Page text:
Like selling advertising on your site itself, you can create ads and sell sponsored content in other places as well. RSS feeds are one such tertiary form of advertising, but that’s still on the web. Selling sponsored content or recommendations – or even ads – in your mailing list is another good idea.
Of course, in order for this to work, you need to have established a loyal mailing list. A good mailing list in an incredibly valuable thing. You can use it to pitch affiliate offers, your own content, or sponsored content with equal ease. Plus, with a highly targeted and engaged audience, you can charge premium rates for your ad space. It beats the hell out of buying a list, from the advertiser perspective.
This one is another spinoff on the idea of having excellent content. You don’t necessarily need to turn that content into discrete eBooks to sell later. Rather, you can keep that content on your site and keep publishing more of it. However, rather than offering all of your content for free, gate some of it behind a premium membership portal.
Now, if you’re going to go a membership route, you need to remember to publish plenty of free content as well in order to keep attracting people. You need to make sure your premium content has great value as well, to give users an incentive to subscribe. You also need a reasonable price, because most people won’t be willing to pay a premium, particularly for content sight unseen.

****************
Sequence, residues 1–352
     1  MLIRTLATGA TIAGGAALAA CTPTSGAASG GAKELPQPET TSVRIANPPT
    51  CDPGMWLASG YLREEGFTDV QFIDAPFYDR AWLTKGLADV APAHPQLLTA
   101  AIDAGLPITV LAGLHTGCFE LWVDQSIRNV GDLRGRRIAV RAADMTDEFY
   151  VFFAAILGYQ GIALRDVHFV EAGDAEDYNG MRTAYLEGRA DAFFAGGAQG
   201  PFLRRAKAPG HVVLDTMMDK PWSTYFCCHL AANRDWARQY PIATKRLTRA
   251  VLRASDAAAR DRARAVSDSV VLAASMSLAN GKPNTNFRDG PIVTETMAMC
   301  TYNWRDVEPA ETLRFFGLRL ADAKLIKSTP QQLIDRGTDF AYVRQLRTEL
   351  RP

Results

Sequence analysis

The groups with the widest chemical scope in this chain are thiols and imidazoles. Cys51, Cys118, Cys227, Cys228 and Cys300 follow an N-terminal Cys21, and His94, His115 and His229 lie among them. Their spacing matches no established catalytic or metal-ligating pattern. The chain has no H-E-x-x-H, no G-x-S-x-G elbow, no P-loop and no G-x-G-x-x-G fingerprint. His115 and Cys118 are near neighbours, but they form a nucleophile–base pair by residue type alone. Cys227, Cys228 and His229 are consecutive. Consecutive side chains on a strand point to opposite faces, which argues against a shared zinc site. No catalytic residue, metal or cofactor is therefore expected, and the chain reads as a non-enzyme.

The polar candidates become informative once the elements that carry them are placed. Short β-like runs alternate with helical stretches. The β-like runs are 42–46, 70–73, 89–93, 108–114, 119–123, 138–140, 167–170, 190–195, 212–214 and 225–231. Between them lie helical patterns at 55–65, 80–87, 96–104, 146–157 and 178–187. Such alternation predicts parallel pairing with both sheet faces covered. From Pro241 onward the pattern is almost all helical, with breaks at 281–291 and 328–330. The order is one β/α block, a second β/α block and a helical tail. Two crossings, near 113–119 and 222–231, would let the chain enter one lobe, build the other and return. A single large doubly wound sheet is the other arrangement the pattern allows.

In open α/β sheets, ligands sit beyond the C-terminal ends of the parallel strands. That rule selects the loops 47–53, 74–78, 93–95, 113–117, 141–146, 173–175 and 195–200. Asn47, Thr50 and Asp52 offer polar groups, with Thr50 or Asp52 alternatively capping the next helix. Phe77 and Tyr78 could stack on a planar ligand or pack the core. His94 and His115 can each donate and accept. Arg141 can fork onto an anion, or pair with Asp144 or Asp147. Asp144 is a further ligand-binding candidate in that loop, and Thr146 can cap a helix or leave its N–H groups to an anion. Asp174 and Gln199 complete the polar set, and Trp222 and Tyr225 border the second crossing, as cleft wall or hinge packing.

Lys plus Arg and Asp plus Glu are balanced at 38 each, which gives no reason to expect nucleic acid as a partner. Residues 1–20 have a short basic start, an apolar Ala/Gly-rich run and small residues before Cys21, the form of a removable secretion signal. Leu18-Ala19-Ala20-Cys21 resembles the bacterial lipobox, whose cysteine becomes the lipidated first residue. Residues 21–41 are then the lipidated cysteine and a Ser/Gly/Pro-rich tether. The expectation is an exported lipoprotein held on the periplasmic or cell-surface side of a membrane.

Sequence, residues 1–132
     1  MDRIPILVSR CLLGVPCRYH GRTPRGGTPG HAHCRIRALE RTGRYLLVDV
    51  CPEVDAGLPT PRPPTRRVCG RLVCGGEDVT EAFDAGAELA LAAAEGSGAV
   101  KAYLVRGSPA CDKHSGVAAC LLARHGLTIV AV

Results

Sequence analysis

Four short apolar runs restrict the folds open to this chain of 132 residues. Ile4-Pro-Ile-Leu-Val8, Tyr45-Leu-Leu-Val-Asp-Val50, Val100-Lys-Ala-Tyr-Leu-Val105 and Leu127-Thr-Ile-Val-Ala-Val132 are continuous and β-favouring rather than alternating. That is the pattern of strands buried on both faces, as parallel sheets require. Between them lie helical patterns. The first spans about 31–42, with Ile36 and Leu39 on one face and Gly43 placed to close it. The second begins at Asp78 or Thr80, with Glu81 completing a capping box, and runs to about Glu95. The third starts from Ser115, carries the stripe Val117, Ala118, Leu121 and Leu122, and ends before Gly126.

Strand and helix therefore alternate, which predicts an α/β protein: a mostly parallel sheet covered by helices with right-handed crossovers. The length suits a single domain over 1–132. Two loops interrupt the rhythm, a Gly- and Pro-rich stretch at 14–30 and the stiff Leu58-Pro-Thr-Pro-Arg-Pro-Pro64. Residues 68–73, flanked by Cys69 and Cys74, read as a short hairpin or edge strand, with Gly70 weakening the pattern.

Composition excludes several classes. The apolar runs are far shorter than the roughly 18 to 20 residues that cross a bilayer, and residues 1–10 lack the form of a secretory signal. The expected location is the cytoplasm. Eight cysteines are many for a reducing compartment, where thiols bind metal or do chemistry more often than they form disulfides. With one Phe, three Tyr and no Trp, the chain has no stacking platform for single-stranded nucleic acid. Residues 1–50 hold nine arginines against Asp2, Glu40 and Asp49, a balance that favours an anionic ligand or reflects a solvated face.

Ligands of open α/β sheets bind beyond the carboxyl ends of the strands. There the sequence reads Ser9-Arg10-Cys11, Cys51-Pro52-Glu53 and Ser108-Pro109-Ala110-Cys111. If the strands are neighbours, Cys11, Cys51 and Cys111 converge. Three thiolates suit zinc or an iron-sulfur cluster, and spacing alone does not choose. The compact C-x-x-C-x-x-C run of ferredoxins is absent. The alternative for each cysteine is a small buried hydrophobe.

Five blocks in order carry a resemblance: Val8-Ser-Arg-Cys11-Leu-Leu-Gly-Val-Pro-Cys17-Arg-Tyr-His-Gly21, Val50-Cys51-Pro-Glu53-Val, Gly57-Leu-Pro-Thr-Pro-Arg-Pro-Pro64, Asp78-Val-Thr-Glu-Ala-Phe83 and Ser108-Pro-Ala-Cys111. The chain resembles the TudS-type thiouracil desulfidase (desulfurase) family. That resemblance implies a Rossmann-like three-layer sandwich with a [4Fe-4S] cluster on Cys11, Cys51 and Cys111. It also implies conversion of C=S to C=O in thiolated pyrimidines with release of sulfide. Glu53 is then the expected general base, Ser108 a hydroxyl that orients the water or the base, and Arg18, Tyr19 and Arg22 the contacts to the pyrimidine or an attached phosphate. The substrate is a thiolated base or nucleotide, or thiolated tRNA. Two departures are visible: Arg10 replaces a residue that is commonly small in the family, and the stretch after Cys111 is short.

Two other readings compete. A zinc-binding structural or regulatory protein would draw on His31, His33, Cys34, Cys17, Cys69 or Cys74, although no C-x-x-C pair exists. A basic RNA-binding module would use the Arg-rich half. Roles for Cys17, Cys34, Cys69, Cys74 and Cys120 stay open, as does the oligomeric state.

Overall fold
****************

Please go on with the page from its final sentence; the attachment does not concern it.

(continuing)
By running a dating site, you’re establishing yourself as an authority in the dating niche. People will probably be sending you emails asking for advice already, even if you’ve never professed to offer it. You can take advantage of these people by developing a course or a consulting session structure that you can sell.
When people buy it, you can send them a video series, or you can simply have a simple one on one hour-long conversation with them, to determine their faults and give them advice. Just make sure not to take on more than you can handle.
One traditional option for many sites is to run a specialized job board for their industry. Dating isn’t traditionally known as a niche where jobs are involved, though, so you’re a bit limited. You can create a classified section, though, and sell discrete tweet-sized advertising slots. You will, however, need to make rules for your classifieds and keep them moderated. Otherwise, you might end up looking like the Craigslist Casual Encounters section or some of the seedier parts of Backpage. You don’t want this, not just because it attracts sleazy elements of society, but because it can often be illegal and you may run into trouble with the law for promoting illegal activities.